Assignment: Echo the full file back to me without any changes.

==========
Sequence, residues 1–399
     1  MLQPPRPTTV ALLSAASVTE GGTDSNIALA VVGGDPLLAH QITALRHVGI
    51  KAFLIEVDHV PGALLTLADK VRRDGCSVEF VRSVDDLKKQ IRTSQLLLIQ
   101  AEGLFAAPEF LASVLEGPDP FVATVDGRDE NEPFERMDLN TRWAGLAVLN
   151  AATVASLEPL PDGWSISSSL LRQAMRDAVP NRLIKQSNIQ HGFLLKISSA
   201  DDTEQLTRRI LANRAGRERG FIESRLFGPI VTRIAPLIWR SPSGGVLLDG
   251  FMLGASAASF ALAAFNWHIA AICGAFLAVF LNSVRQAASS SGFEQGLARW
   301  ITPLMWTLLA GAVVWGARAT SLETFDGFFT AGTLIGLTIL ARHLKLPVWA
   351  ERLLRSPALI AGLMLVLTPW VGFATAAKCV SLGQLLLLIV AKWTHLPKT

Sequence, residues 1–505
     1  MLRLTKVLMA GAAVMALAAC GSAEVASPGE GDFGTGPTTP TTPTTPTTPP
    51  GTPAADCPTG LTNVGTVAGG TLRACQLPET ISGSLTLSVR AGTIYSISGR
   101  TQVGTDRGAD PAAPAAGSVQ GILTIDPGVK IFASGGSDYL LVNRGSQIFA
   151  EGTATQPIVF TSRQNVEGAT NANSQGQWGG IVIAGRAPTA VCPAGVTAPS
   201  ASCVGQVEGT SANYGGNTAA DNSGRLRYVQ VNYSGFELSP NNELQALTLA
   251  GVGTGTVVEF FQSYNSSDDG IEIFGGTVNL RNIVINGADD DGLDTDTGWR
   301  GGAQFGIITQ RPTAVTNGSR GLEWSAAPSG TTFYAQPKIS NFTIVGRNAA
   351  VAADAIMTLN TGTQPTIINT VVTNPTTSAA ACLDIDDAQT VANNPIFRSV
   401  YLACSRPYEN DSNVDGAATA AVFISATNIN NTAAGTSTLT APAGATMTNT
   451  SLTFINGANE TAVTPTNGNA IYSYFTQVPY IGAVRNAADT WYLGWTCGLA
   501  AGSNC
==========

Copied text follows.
Sequence, residues 1–399
     1  MLQPPRPTTV ALLSAASVTE GGTDSNIALA VVGGDPLLAH QITALRHVGI
    51  KAFLIEVDHV PGALLTLADK VRRDGCSVEF VRSVDDLKKQ IRTSQLLLIQ
   101  AEGLFAAPEF LASVLEGPDP FVATVDGRDE NEPFERMDLN TRWAGLAVLN
   151  AATVASLEPL PDGWSISSSL LRQAMRDAVP NRLIKQSNIQ HGFLLKISSA
   201  DDTEQLTRRI LANRAGRERG FIESRLFGPI VTRIAPLIWR SPSGGVLLDG
   251  FMLGASAASF ALAAFNWHIA AICGAFLAVF LNSVRQAASS SGFEQGLARW
   301  ITPLMWTLLA GAVVWGARAT SLETFDGFFT AGTLIGLTIL ARHLKLPVWA
   351  ERLLRSPALI AGLMLVLTPW VGFATAAKCV SLGQLLLLIV AKWTHLPKT

Sequence, residues 1–505
     1  MLRLTKVLMA GAAVMALAAC GSAEVASPGE GDFGTGPTTP TTPTTPTTPP
    51  GTPAADCPTG LTNVGTVAGG TLRACQLPET ISGSLTLSVR AGTIYSISGR
   101  TQVGTDRGAD PAAPAAGSVQ GILTIDPGVK IFASGGSDYL LVNRGSQIFA
   151  EGTATQPIVF TSRQNVEGAT NANSQGQWGG IVIAGRAPTA VCPAGVTAPS
   201  ASCVGQVEGT SANYGGNTAA DNSGRLRYVQ VNYSGFELSP NNELQALTLA
   251  GVGTGTVVEF FQSYNSSDDG IEIFGGTVNL RNIVINGADD DGLDTDTGWR
   301  GGAQFGIITQ RPTAVTNGSR GLEWSAAPSG TTFYAQPKIS NFTIVGRNAA
   351  VAADAIMTLN TGTQPTIINT VVTNPTTSAA ACLDIDDAQT VANNPIFRSV
   401  YLACSRPYEN DSNVDGAATA AVFISATNIN NTAAGTSTLT APAGATMTNT
   451  SLTFINGANE TAVTPTNGNA IYSYFTQVPY IGAVRNAADT WYLGWTCGLA
   501  AGSNC